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mykaskin

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mykaskin last won the day on July 18 2016

mykaskin had the most liked content!

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About mykaskin

Profile Information

  • Gender
    Male
  • Location
    Here, there, and everywhere
  • Interests
    Inland waterways, photography, videography, computers, TV.

Previous Fields

  • Occupation
    Coalman
  • Boat Name
    Victoria
  • Boat Location
    Around...

Contact Methods

  • ICQ
    0
  • Website URL
    http://www.associatedcanalcarriers.co.uk/

Recent Profile Visitors

7,204 profile views
  1. Do Owners of ex-working boats have special priveleges?

    Well, after to speaking with Trevor this weekend about the incident, it went like this. His mate, Nick got off at the junction and went ahead to get the lock ready, Trevor found the top gates still closed, but as he was about to pull in they opened. He navigated in, but had more pace than he had thought (mentioned it's not always easy to judge speed by looking forwards, and looking sideways might be a better way). The boat didn't stop in time, and as I suspected he was wanting to trap the fore-end in the gates so as not to loose it, hence the late breaking. Nothing unusual, just one of them day to day mistakes people make when boating. Cheers, Mike
  2. Do Owners of ex-working boats have special priveleges?

    I've done it with my Dad's 50ft boat before now, but it's not so problematic to stop it where you want!
  3. Out on the Thames from the air!

    The audio was recorded from the Ipad I was using to control the drone on top of my slide - the video from the drone is silence. Careful editing adjusting volume level has made it sound like it's at distance when the drone view was. The original audio sounds just like this video for example: Cheers, Mike
  4. Out on the Thames from the air!

    Hours of my JP on my other videos - please enjoy to hearts content.
  5. Do Owners of ex-working boats have special priveleges?

    It appears people driving historic boats can't now make mistakes. I occasionally (some might say often) make a mistake, misjudge the stopping distance, or have problems with stuff around the blade or shallow water. It happens to everybody, young or old. When it comes to hitting infrastructure, you will notice that in places where it might happen (or even designed to happen) there are metal plates which spread the load across the gate. The gates in this instance are under several tonnes of pressure already, so a shock load of a boat hitting doesn't do any damage other than perhaps superficial. When entering a lock with a full length working boat, it is usually advisable to place the fore-end on the gates to hold it in place while a second boat joins. Where it is windy, with an unloaded boat it can be difficult, and might result in the need to bring the boat in faster. A light touch of the gate is preferred as then it doesn't spring the back end out again, but this isn't always easy to do. Strapping in with ropes is not always possible due to removal of correct lock infrastructure, so we have to do our best with what is available. I've been through several lines because of poor positioning of ladders, bollards, and getting it trapped on concrete and wooden posts. Using the engine to stop the boat usually results in being in the middle of the lock due to the amount of water needing to be moved. A problem not normally found with modern light and highly responsive and powerful vessels, now found on the canal. Trevor has run his boat commercially since the late 1960's first delivering loose coal (bagging on the way), and then once full time coal boaters appeared providing bulk moving services. He had a commercial licence until recently where it was un-economic to continue. In the picture above he was carrying a load up to Braunston for Hills and Sons for transfer to a coal boat, I believe he didn't charge for it. If it wasn't Trevor steering, then someone unfamiliar with the boat made a mistake, if it was Trevor, then he just made a mistake. Case closed.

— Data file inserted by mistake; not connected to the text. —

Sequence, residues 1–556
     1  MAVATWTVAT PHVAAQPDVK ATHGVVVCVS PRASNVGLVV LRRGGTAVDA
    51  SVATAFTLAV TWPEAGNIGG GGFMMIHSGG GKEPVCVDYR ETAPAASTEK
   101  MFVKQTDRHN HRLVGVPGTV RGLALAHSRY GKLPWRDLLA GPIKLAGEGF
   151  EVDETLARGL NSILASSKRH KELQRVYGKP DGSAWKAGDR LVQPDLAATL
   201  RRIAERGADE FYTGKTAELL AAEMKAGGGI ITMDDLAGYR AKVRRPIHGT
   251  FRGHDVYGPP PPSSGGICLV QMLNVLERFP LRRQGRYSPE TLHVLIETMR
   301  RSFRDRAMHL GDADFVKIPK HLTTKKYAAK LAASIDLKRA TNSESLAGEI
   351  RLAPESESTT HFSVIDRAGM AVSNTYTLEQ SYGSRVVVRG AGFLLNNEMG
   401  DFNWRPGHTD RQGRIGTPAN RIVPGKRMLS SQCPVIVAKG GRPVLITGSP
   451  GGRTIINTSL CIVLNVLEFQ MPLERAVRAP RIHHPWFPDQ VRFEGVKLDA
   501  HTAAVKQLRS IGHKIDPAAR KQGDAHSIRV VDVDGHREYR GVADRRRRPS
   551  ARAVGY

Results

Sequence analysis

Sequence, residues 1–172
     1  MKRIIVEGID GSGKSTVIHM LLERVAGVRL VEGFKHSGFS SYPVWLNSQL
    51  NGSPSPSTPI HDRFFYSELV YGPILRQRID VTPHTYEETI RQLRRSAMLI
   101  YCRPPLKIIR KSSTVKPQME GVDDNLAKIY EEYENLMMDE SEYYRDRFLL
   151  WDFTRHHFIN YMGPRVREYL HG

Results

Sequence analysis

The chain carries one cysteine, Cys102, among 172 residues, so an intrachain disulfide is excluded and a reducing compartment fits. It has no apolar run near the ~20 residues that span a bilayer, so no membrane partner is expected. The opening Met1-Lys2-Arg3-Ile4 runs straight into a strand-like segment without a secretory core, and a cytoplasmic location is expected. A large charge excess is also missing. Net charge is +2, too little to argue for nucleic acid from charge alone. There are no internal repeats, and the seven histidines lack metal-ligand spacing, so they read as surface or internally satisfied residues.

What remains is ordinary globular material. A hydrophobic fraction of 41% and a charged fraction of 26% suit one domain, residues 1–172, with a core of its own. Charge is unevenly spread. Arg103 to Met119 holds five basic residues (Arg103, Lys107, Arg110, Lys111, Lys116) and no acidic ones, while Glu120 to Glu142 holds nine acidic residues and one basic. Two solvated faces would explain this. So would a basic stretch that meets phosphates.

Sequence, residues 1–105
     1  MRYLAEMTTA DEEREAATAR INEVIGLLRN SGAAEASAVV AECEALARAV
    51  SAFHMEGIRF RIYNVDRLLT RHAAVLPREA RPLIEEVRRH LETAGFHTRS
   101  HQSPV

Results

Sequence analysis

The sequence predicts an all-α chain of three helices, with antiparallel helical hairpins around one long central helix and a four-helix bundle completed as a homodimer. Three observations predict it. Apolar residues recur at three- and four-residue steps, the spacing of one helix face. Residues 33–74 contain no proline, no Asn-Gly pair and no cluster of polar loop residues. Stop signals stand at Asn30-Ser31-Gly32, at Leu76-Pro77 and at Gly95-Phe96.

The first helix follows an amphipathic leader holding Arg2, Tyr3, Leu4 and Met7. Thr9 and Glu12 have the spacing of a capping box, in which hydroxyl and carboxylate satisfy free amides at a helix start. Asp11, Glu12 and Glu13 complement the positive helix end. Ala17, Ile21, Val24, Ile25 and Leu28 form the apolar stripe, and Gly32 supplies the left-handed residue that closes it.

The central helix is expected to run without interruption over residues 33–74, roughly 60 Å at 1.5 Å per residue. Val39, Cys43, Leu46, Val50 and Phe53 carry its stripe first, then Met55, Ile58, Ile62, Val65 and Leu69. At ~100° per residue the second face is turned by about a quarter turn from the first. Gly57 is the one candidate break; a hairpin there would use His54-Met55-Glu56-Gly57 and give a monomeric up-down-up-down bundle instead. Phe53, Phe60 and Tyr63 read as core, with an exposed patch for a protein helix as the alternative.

6. A trip from Bourne End, to just shy of Marlow from the air. Cheers, Mike
  7. River Weaver boat sizes

    It is possible that the bottom end of the river is a free navigation, and there is free access from the Mersey to the river, but I haven't found any information online about it yet. I do know that the Manchester Ship Canal is responsible for keeping at navigable depth on the river (after it removed the tides that would have kept it clear), but have reneged on this.
  8. History from the air

    Hi Guys, Some videos from the air of boats on the Weaver:
  9. Goole Docks Charges

    I'm not sure they can do this as I believe the Aire and Calder Navigation have a right to access to the river - presumably written into the Act of Parliament. Mike
  10. Nb Tay and the dream!

    Been done - Dusty and Merchant both modern boats. Both look like new boats, and not historic ones, and presumably drive like new boats too. Where would be the fun in that.
  11. Fuel Boats Tracking Section

    I'll be that way on the 12/13th August if it helps.
  12. Driffield canal

    Note it's not really a journey to be taken lightly - you need to know the tides - as the River Hull dries out completely at low water, and have your boat properly prepared. Also the Humber takes some navigation especially on a falling tide, as if you run aground you are stuck until the next tide. Mike
  13. Wansford Lock

    Yep, and no in that order. I believe the tap at Bethells Bridge is private use only these days. If just visiting, I'm sure water could be supplied from the boat club.
  14. Boats with 3ft draft often go up there, so you'll have no bother.
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